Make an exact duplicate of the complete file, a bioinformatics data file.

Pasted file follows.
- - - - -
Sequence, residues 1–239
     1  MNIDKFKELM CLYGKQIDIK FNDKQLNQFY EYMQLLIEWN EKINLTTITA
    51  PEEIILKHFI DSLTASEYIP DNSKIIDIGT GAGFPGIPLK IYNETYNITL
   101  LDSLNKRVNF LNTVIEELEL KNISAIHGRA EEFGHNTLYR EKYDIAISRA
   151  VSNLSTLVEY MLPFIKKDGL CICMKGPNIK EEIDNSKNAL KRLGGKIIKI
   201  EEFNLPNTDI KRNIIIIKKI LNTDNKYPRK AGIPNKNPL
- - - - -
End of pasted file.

Sequence, residues 1–239
     1  MNIDKFKELM CLYGKQIDIK FNDKQLNQFY EYMQLLIEWN EKINLTTITA
    51  PEEIILKHFI DSLTASEYIP DNSKIIDIGT GAGFPGIPLK IYNETYNITL
   101  LDSLNKRVNF LNTVIEELEL KNISAIHGRA EEFGHNTLYR EKYDIAISRA
   151  VSNLSTLVEY MLPFIKKDGL CICMKGPNIK EEIDNSKNAL KRLGGKIIKI
   201  EEFNLPNTDI KRNIIIIKKI LNTDNKYPRK AGIPNKNPL